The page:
Around the eighth month, some babies might become anxious around strangers. Your baby might not smile at or want to be held by people he does not know. He might even scream. He is expressing his attachment to you and others who regularly care for and play with him. He knows you and prefers to be with you. With time, his anxious reactions to those he does not know will lessen.

Intellectual Development

During the last several months, your baby has been watching her arms and hands as she uses them to hold or move objects. Gradually she has become equally interested in the objects. She studies the objects by holding, feeling, and chewing on them. She is particularly interested in what happens when she moves the objects. Your baby will spend a lot of time banging things together, throwing things, and dropping things, just to see what happens. When your baby is in her crib or high chair, play a dropping game with her. Give her things that fall differently, such as a ball, a wooden spoon, and a washcloth, to drop over the side. As she drops each item, talk to her about how it falls and lands.

Figure 5. 

With all of her banging, dropping, and throwing, your baby is beginning to understand cause and effect. She is beginning to understand that when she does something, something else happens. In her seventh or eighth month, she will probably become interested in pop-up toys, because when she presses a button, the box springs open. Show her some simple mechanisms around the house. Let her discover what happens when she flips a light switch. Your baby will love to explore cause and effect for the next couple of years.

In addition to cause and effect, your baby is also beginning to understand a concept called object permanence. Up to about the seventh month, if a baby cannot see an object, the object does not seem to exist for her. You can help your baby understand the concept of object permanence by playing different games with her. Fexample, playing peek-a-boo teaches her that even when you disappear, she can expect to see you again. Later you can play hide-and-seek with her by holding a blanket in front of your face. Call to your baby from behind the blanket. When she tugs on the blanket, drop it and let her find you.

For another game, show your baby an interesting toy and then cover it partially with a blanket. Your baby will be more likely to try to get the toy if she can see it. As she masters the skill of finding a toy that is partially hidden, try covering the toy completely and encourage her to look for it.

Your baby enjoys babbling and mimicking sounds. In her eighth month, she may even say some words that she has heard, such as Mama, Dada, or bye-bye, even though she does not understand their meaning. Soon, though, your baby will learn that Mama means specifically her mother, not someone else.

To help your baby develop her language skills, continue talking to her a lot. Talk to her about what you are doing and what she is doing. Name different objects in the environment. As she plays with an object, describe it to her. All of your talking will help your baby's understanding tremendously. However, even though your baby is developing perfectly well, she may not say many words at all. She may not really begin to talk until 18 months or older.

Parent Time

Now that you have settled into a routine with your new baby, it may be a good time to consider joining a parent support group. Many parents find groups like this to be a good source of advice and a good time for comparing notes about various issues with other parents. To find a parent support group in your area, contact La Leche League or ask your pediatrician. Sometimes places of worship and other organizations host parent support groups as well. You might even want to start an informal group yourself, to give you and other parents of young children a chance to get together to have fun and share experiences. Every parent needs an occasional break. By taking a break and spending a little time with other adults, you will feel refreshed and ready to give your baby your enthusiastic attention.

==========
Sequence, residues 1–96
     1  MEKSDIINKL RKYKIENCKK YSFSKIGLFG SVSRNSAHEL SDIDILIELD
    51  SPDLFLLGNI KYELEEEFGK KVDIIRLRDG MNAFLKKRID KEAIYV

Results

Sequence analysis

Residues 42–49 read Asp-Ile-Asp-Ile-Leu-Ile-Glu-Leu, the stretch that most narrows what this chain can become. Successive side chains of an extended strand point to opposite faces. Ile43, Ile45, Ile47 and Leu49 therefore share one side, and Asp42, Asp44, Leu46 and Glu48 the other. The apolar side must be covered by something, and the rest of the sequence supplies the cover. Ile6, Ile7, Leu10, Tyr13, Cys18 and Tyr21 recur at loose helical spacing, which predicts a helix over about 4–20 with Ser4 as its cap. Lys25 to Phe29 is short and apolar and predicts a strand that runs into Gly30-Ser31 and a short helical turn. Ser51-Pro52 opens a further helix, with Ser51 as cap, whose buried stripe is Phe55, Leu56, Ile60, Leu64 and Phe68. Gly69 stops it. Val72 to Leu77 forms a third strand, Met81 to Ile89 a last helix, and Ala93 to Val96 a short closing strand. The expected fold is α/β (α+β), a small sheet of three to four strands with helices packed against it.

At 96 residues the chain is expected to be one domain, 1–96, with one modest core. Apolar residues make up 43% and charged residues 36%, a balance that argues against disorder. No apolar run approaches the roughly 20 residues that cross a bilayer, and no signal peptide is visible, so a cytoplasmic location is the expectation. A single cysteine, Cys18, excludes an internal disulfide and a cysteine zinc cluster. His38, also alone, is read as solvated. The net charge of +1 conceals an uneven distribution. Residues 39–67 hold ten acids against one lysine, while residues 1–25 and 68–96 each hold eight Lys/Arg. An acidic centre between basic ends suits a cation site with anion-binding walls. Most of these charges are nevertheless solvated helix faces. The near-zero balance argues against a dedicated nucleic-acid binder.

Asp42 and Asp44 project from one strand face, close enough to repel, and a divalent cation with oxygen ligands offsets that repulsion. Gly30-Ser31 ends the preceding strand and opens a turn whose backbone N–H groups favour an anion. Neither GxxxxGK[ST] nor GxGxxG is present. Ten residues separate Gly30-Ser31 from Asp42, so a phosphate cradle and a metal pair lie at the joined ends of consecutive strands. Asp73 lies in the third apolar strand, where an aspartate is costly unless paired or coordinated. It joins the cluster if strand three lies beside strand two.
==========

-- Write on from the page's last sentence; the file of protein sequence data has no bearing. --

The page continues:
Figure 6. 

References

Berk, Laura, E. 2002. Infants and Children: Prenatal Through Middle Childhood 4th Ed. Boston: Allyn & Bacon

Nelson, Patricia. 1995. Great Beginnings: A Series for Parents of Infants and Young Children. Retrieved March 26, 2002, from the University of Delaware, National Cooperative Extension Website:

O'Brien, Shirley J., Evelyn Rooks-Weir and Suzanna Smith. 1996. Your Baby's First Year: Development During Month Seven. University of Florida/IFAS Fact Sheet HE2038.

O'Brien, Shirley J., Evelyn Rooks-Weir and Suzanna Smith. 1996.Your Baby's First Year: Development During Month Eight. University of Florida/IFAS Fact Sheet HE2039.

Gottman, J. 1997. Raising an Emotionally Intelligent Child. New York: Simon & Schuster.

White, Burton, L. 1995. The New First Three Years of Life. New York: Simon & Schuster.

White, Burton L. 1994. Raising a Happy Unspoiled Child. New York: Simon & Schuster.

Footnotes

1.

This document is FCS2220, one of a series of the Department of Family, Youth and Community Sciences, Florida Cooperative Extension Service, University of Florida, UF/IFAS, Gainesville, FL 32611. First published: August 2003. Reviewed March 2007 by Heidi Radunovich, Assistant Professor, Department of Family, Youth and Community Sciences. Please visit the EDIS Website at http://edis.ifas.ufl.edu

2.

Millie Ferrer, Ph.D., professor; Anne M. Fugate, former coordinator educational/training programs; and Keith Gouin, coordinator educational/training programs, Department of Family, Youth and Community Sciences, University of Florida, UF/IFAS, Gainesville, FL 32611.


The Institute of Food and Agricultural Sciences (IFAS) is an Equal Opportunity Institution authorized to provide research, educational information and other services only to individuals and institutions that function with non-discrimination with respect to race, creed, color, religion, age, disability, sex, sexual orientation, marital status, national origin, political opinions or affiliations. For more information on obtaining other UF/IFAS Extension publications, contact your county's UF/IFAS Extension office.

U.S. Department of Agriculture, UF/IFAS Extension Service, University of Florida, IFAS, Florida A & M University Cooperative Extension Program, and Boards of County Commissioners Cooperating. Nick T. Place, dean for UF/IFAS Extension.